Lok Sabha passes Union Budget without debate

Casey Dawson
March 16, 2018

"As requested by the minister of parliamentary affairs, keeping in view the urgency involved in the transaction of the financial business, we can not defer the same any longer", Sumitra said before she adjourned the House to meet again at 12 noon and take up financial business.

Later through a voice vote, the fourth batch of supplementary demands for grants for 2017-18 were passed.

Ms. Mahajan agreed with the views of Parliamentary Affairs Minister Ananth Kumar that the guillotine (end of discussion on various demands for grants), the Finance Bill and the Appropriation Bills be taken up at 12 noon instead of 5 p.m.

There was time to debate and discuss the bills till April 6 when the session is slated to end, many leaders maintained.

Though the House resumed functioning after an hour the proceedings were stalled again by the protesting members forcing the Speaker to adjourn the House for the day and will resume on Wednesday. The Centre did not allow any debate, any exchange of ideas and suggestions on the Bill.

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The livid Opposition on Wednesday raised cries of "murder of democracy" in the Parliament. In the recent past, Union budgets were passed without discussion in 2013-14 and 2003-04 when, like today, all demands were guillotined.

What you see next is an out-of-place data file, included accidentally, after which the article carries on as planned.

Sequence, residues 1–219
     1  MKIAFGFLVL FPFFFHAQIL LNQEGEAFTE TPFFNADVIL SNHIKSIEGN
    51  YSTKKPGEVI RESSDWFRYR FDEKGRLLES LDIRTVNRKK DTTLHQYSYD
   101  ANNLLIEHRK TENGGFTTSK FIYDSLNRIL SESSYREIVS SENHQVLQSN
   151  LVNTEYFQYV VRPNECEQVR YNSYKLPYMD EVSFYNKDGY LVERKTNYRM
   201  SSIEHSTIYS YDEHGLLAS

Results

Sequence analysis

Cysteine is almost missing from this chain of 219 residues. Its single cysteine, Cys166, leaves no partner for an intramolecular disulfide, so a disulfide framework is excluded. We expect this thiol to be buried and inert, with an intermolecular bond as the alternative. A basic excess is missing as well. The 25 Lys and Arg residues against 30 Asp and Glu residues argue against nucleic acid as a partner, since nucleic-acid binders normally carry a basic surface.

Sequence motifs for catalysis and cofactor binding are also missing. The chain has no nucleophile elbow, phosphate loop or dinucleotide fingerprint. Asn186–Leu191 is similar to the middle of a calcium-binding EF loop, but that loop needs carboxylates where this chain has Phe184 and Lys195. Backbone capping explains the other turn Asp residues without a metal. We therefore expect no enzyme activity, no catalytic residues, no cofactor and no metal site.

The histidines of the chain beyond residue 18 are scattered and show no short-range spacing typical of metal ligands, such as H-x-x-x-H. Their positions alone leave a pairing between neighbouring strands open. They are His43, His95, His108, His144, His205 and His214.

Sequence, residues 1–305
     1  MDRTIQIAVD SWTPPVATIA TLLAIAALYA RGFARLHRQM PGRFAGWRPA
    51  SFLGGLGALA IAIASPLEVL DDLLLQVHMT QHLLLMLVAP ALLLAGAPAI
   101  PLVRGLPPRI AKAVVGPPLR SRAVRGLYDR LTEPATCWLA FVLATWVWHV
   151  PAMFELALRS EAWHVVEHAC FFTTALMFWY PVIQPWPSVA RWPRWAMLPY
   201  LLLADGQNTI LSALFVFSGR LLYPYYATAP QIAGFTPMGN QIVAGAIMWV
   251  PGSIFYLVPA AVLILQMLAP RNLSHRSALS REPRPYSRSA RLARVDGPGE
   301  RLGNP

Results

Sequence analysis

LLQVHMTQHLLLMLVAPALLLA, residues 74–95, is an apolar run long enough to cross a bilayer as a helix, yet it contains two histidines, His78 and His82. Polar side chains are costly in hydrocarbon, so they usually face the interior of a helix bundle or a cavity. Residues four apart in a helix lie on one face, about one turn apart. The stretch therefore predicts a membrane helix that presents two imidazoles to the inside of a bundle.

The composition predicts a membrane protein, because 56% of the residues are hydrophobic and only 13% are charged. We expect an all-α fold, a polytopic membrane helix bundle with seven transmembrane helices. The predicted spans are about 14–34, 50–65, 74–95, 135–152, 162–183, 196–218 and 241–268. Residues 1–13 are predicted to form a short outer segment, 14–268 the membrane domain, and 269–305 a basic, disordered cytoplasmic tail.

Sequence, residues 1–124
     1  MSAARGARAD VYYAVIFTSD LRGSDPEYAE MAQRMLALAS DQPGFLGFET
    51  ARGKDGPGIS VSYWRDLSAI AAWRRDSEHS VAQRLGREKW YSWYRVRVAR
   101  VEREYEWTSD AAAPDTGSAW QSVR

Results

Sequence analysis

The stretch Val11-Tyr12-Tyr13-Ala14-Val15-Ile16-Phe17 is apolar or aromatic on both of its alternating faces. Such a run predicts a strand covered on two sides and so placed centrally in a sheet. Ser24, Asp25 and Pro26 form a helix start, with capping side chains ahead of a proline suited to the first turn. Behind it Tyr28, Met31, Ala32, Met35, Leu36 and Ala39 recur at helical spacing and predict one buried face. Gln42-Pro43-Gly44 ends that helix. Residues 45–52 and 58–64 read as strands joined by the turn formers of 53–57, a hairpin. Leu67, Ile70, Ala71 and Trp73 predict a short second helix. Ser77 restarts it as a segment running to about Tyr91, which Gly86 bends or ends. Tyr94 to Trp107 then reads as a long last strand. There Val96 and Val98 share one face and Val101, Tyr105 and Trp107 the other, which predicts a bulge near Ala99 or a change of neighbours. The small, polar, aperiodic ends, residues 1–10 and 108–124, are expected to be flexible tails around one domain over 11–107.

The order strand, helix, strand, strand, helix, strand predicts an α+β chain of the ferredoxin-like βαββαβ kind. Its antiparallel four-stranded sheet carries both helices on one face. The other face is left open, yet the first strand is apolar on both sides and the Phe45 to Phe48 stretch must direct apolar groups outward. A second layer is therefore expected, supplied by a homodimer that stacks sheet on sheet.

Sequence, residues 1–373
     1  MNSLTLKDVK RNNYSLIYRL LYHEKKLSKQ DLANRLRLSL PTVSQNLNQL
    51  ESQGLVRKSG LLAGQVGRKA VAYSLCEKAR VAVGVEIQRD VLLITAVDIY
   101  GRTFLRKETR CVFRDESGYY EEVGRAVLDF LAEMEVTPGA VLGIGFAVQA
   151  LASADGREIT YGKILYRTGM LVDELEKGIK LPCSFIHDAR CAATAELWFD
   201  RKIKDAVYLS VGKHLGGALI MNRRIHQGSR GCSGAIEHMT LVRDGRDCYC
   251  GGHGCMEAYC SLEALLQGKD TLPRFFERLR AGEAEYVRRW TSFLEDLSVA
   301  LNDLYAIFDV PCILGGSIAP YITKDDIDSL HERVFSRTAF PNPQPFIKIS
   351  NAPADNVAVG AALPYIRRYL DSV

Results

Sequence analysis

"This is a political crisis". Lok Sabha Speaker Sumitra Mahajan was forced to adjourn the Lower House till 12 pm as Opposition party members stormed the Well.

"The sittings of the House are being disrupted continuously for the past few days. This shows the government's arrogance and unilateral move to bulldoze (through) all the financial business without discussing them", it had said in its letter to her.

Finance Minister Arun Jaitley moved the Finance Bill 2018, which contains taxation proposals of his fifth and final budget, as well as the appropriation bill that details spendings in various departments, amid din created by slogan-shouting opposition.

The modified tax proposals include changes to the long-term capital gains (LTCG) tax regime for stocks and mutual funds, which will be reintroduced after almost 15 years. While there was good news for foreigners doing one-off transactions in India by relaxing the requirement for using PAN, for those having digital transactions, the rules were tightened further. Start-ups had some relief with the amendment introduced to link the turnover limit of ₹25 crore to the year of claim of 100 per cent tax break.

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